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Premier League unlikely to return to terrestrial TV

Wednesday, November 19th 2014 by

Football fans will not see Premier League matches on BBC or ITV in the near future, a football finance expert has said.

Speaking to Cable.co.uk following the announcement of an Ofcom investigation into Premier League TV rights, Rob Wilson, principal lecturer at the Sheffield Hallam University Sport Industry Research Centre, suggested that clubs won’t leave behind big money broadcast deals.

When asked if Premiership matches may return to terrestrial TV, Mr Wilson told us: “In the short or medium term, no. The running costs for all of these Premier League teams are so, so high, they need to generate revenue.

"Over the last 25 years, we’ve seen a move away from what we call natural match day spend, which used to be the lions share of any team’s budget. Now we’re seeing around 55% to 60% of club revenue being generated by broadcasting.

“20% to 23% is made from match day activity, so certainly in the short or medium term there won’t be any move away from these massive broadcasting deals. On the contrary I think the next broadcasting deal, irrespective of this investigation, will increase again.”

Premiership rights auctions have seen each new three-year broadcast period generate higher and higher levels of income for the Football Association.

The price for the latest rights deal – covering 2013 until 2016 – rose by 70% to £3bn when it was announced in 2012. However, Mr Wilson says that fans should expect the price to go up yet again when the new bidding window opens.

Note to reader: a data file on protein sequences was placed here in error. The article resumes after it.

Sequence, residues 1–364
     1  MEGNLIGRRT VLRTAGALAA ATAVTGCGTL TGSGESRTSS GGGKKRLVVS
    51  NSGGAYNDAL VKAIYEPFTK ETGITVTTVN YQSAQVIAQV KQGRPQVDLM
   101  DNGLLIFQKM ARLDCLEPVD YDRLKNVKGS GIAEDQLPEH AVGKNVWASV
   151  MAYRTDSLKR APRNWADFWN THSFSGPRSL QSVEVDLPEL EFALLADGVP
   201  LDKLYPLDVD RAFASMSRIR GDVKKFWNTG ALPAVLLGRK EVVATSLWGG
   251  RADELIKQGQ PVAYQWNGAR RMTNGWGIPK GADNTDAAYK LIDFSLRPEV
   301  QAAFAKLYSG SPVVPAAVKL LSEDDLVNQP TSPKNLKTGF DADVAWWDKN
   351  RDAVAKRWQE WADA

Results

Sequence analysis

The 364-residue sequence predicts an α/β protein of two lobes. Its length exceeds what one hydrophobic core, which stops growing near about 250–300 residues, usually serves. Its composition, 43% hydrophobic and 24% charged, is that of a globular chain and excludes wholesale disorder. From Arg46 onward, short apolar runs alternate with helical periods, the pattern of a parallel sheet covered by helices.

He added: “We’ll see a significant increase again when we hear about the next deal. When we break it down between domestic and foreign rights, what we’ll see is a leveling out of the domestic fees because I don’t think there’ll be many more games that they can broadcast.

“The value of any single game is around £2m now, just to broadcast one game, so I think the domestic market will level out at around the £3.5bn mark.

"I think more exploitation will be made from foreign rights, breaking those up by territory, by country… just selling the Premier League in China could generate upwards of £1bn if they wanted it to.

“Then we have to factor in Australasia, India, the Far East, Africa, the Middle East, this huge new market that we seem to be tapping into in the United States, so I think the total deal will increase a fair amount but it’ll be driven by foreign rights.”

As part of the investigation, Ofcom will consider whether there has been a breach of UK and/or EU competition laws and if the existing Premier League deals "restrict or distort competition" amongst UK TV broadcasters.

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